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Area: 11.2 hectares.

Other Information:

Research site for the Freshwater Biological Association River Laboratory. One of the few river sites with estimates for biomass production and throughput of organic matter.

Reasons for Notification:

A length of chalk-stream with marshland and woodland. The Bere stream is a very typical permanent chalk-stream which has been maintained almost without management in recent years. The adjacent woodland and grassland have a rich flora and fauna.

In the stream the dominant higher plants are chalk-stream water-crowfoot Ranunculus pencillatus var. calcareus and water-cress Nasturtium officinale. Whorl-grass Catabrosa aquatica and horned pondweed Zannichellia palustris are other components. Many of the characteristic algal communities of chalk-streams occur including the spring diatom community with Diatoma vulgare, the lime encrusted epilithic community including Homeothrix spp. and filamentous algae, especially Vaucheria spp. The invertebrates vary greatly according to micro-habitat but are again very typical, including freshwater shrimp Gammarus pulex, mayfly Ephemera danica, blue-winged olive Ephemerella ignita, many species of Simulium and chironomids, Limodrilus hoffmeisteri and Stylodrilus heringianus (tubificid worms). Bullhead Cottus gobio and minnow Phoxinus phoxinus are the most abundant fish, but brown trout Salmo trutta in the deeper sections and young salmon Salmo salar are present. Kingfisher Alcedo atthis occurs and otter Lutra lutra is regularly recorded.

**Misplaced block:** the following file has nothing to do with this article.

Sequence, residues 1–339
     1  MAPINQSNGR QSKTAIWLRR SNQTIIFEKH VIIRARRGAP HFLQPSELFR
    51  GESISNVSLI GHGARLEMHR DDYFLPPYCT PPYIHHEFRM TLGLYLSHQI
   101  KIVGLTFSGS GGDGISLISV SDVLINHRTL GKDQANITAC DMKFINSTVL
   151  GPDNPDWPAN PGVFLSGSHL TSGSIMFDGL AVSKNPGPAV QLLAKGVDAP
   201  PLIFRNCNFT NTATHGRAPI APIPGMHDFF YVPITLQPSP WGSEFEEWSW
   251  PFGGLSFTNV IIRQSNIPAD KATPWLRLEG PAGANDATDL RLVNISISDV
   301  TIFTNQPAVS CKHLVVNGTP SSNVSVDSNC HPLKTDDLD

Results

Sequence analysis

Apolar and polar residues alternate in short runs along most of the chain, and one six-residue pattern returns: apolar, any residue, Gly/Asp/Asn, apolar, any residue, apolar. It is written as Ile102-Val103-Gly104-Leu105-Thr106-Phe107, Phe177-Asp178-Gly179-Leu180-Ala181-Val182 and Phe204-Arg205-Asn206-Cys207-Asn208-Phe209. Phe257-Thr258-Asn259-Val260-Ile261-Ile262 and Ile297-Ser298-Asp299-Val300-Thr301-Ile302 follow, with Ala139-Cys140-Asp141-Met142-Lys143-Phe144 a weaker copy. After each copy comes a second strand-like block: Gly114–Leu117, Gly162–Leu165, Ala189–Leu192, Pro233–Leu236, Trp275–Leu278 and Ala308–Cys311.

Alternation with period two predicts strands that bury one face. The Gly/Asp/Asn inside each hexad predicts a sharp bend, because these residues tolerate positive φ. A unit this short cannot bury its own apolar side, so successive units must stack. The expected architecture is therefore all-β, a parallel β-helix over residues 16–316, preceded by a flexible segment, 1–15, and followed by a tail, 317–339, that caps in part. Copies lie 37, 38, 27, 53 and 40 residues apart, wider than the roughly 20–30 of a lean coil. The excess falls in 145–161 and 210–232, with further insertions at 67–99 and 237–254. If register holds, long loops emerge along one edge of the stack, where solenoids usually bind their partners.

The wet grassland which is dominated by soft rush Juncus effusus and hard rush Juncus inflexus, being subject to calcareous influences from the stream and acid ground water from the adjacent Bagshot Beds, has a diverse flora. There are at least fifteen grasses and ten sedges and herbs include local species such as marsh cinquefoil Potentilla palustris, bogbean Menyanthes trifoliata and bog pimpernel Anagallis tenella. Hollows in this grassland contain acid mire communities dominated by Sphagnum compactum with cross-leaved heath Erica tetralix, cotton grass Eriophorum angustifolium, bog asphodel Narthecium ossifragum and several other typical ‘bog’ species. In certain areas, especially near the stream, taller sedges form dense stands with hemlock water-dropwort Oenanthe crocata. In these areas the scarce scarlet tiger moth Calamorpha dominula is frequent.

The woodland is varied ranging from oak Quercus/ash Fraxinus with hazel Corylus shrub layer in the dryer areas to alder Alnus/sallow Salix carr in the lower-lying wetter parts.